- Robinhood CEO Vlad Tenev told Bloomberg that “investing should be as ubiquitous as shopping online.”
- Tenev rebuffed comments from various experts on the addictive nature of Robinhood.
- “I reject the idea that investing in the US capital markets is gambling,” Tenev said.
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Robinhood Markets CEO Vlad Tenev defended the mission of his trading platform, which seeks to “democratize finance for all” amid backlash from lawmakers, regulators, and Wall Street firms blaming the mobile app for luring inexperienced investors and “gamifying” the stock market.
“Investing should be as ubiquitous as shopping online,” Tenev told Bloomberg. “It should just be something that people do.”
The Menlo Park, California-based company has faced scrutiny for its role at the center of the GameStop frenzy in January. This includes complaints that the mobile app used “aggressive” tactics to lure young and inexperienced investors with commission-free trades.
A five-hour congressional hearing in front of the House Financial Services Committee was held on February 18, scrutinizing the role the company played.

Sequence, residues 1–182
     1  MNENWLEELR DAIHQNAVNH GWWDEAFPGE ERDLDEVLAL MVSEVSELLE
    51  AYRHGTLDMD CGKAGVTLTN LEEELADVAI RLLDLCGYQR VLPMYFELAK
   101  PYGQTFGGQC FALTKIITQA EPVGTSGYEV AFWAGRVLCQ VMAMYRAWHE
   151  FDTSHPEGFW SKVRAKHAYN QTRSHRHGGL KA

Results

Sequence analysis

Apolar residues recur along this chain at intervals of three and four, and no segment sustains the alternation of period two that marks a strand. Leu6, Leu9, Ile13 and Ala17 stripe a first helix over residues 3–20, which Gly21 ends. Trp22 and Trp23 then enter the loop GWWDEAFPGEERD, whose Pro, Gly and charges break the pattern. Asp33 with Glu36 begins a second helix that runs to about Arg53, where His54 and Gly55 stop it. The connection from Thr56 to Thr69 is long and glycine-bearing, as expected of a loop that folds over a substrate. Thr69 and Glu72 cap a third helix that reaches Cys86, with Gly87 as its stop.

“This is what I signed up for,” Tenev said. “Any time you’re causing change in society and kind of upending the status quo, it’s probably not going to be the most comfortable process.”
The 34-year-old founder also rebuffed comments from various experts on the addictive nature of trading apps like Robinhood. The app has attracted over 13 million users since 2013, many of whom are younger retail traders.
“I reject the idea that investing in the US capital markets is gambling,” Tenev said. “We’d be happy to have the conversation, but of course we understand that investing is a serious thing.”
“The facts will come out and it will bear out that Robinhood is a customer-focused company that’s operating with the highest standards of integrity,” Tenev said.
In the February hearing, Tenev maintained that Robinhood has created opportunities for a new generation of investors. The CEO told lawmakers that the assets of his platform’s users have collectively grown by more than $US35 ($45) billion, a claim challenged by some, including Rep. Jim Himes.